For years, researchers have debated whether highly processed foods could be classified as addictive.
A new analysis from the University of Michigan and Virginia Tech has now applied the same criteria used to establish the addictiveness of tobacco to food, concluding that highly processed foods can indeed be addictive.
Meeting the Criteria for Addiction
The study, led by Ashley Gearhardt and Alexandra DiFeliceantonio, applied the four criteria used in the 1988 U.S. Surgeon General’s report on tobacco:
- They trigger compulsive use where people are unable to quit or cut down.
- They can cause changes in the brain similar to nicotine in tobacco products.
- They are highly reinforcing.
- They trigger intense urges and cravings.
According to Gearhardt, highly processed foods meet all these criteria, making them as addictive as tobacco products.
The study, published in the journal Addiction, draws parallels between the role of tobacco and highly processed foods in public health crises.
Key Factors of Addictiveness
One of the contributing factors to the addictive nature of processed foods is their composition, which often includes unnaturally high doses of refined carbohydrates and fats. This rapid delivery of potent ingredients triggers responses in the brain similar to other addictive substances.
Consequences for Public Health
According to the researchers, the addictive quality of processed foods may be contributing significantly to the escalating costs in public health.
Just as tobacco was the largest cause of preventable deaths over three decades ago, poor diets dominated by processed foods are now at the same level.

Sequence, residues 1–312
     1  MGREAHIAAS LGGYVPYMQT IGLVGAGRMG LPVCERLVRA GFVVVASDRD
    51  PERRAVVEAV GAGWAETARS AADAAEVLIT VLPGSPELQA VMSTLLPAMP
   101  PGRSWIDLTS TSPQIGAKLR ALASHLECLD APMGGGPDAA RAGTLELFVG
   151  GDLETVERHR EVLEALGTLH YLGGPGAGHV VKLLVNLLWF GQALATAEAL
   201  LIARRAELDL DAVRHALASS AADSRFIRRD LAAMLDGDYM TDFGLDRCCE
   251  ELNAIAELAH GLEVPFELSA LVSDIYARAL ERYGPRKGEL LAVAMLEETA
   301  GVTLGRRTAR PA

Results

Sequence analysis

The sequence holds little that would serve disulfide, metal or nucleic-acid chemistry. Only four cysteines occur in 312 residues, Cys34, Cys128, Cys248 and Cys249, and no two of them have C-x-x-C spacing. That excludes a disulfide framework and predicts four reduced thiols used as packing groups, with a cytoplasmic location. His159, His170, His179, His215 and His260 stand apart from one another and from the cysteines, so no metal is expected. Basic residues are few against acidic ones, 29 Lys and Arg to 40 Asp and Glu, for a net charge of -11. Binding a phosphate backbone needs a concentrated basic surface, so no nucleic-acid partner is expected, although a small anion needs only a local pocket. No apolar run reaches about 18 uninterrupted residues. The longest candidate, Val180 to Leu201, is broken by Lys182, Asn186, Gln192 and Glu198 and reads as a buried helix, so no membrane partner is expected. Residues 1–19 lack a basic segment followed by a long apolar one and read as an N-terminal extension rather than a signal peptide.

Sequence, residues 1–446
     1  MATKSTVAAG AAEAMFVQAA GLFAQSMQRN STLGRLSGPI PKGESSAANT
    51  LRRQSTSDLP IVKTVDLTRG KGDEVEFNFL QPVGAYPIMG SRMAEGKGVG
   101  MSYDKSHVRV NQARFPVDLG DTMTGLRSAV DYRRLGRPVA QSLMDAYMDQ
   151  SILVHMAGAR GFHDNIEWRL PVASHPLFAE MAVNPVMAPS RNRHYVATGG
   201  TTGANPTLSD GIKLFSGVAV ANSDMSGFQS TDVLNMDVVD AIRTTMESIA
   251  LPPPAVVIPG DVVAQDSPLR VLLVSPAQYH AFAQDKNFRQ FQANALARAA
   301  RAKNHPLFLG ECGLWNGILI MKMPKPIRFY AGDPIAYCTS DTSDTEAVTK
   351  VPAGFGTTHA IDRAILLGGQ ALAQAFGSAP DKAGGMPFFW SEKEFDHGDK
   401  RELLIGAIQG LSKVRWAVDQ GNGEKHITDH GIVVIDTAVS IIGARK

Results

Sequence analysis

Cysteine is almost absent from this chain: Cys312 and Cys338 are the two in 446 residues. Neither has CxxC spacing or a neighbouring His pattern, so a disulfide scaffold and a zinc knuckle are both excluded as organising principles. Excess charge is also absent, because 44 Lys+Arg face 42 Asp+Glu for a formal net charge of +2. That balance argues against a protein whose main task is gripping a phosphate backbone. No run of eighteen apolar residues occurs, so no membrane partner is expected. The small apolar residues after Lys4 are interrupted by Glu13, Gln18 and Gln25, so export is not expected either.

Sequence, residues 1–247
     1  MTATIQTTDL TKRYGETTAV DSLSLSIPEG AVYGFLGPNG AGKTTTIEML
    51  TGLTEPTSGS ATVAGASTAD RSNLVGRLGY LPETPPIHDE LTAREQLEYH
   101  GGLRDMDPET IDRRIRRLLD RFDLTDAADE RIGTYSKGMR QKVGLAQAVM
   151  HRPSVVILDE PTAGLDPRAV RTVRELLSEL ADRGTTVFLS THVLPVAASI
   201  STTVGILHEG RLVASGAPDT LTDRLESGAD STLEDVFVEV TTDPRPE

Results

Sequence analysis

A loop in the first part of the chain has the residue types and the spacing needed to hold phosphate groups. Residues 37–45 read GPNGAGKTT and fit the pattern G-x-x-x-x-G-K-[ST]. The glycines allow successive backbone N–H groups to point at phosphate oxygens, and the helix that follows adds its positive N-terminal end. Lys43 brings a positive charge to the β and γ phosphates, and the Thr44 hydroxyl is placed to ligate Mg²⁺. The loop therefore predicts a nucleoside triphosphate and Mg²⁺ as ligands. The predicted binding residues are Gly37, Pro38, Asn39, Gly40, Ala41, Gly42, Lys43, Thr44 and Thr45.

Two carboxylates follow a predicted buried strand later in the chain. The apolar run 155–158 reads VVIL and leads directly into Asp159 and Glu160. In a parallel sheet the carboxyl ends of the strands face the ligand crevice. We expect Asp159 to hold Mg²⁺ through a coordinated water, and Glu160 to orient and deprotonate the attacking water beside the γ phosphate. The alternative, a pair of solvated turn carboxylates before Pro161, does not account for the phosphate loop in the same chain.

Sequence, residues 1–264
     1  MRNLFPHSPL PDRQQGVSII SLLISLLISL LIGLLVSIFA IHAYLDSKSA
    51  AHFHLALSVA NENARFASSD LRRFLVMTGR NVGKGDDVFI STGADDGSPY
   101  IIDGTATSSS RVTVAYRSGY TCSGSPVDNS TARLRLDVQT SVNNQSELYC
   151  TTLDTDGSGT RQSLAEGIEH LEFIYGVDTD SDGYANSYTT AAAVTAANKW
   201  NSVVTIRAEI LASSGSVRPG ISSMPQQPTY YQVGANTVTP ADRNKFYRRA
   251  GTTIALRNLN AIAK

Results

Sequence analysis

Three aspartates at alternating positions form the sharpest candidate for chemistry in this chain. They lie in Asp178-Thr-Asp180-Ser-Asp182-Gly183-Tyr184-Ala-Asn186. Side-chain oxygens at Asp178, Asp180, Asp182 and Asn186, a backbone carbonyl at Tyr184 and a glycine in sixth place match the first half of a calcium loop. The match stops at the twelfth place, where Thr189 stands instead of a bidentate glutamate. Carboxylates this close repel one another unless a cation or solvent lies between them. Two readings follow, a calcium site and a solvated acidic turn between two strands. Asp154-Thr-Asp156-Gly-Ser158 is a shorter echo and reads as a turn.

Targeting Vulnerable Populations
DiFeliceantonio points out the particular concern of children being major targets of advertising for processed foods.
This exposure can lead to early addictive behaviors, similar to how young people get hooked on tobacco, setting a dangerous course for lifelong health problems.
Delay in Acknowledging Addictive Nature
Gearhardt notes that failing to recognize the addictive nature of tobacco delayed effective public health interventions, costing millions of lives. She warns that the same could be happening with processed foods.
Recommendations and Implications
The study suggests it’s time to change the perception of highly processed foods, not as mere food items but as highly refined substances with addictive potential.
This change in perspective could pave the way for regulatory actions similar to those enforced on tobacco products, including warning labels, age restrictions, and advertising limitations, particularly targeted at vulnerable populations like children.
The University of Michigan and Virginia Tech study significantly contributes to our understanding of the role of processed foods in the obesity epidemic and other health crises.
Recognizing the addictive nature of these foods could be the first step in implementing strategies that could save millions of lives, just as acknowledging the addictive nature of tobacco led to more effective public health policies.
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The research findings can be found in Addiction.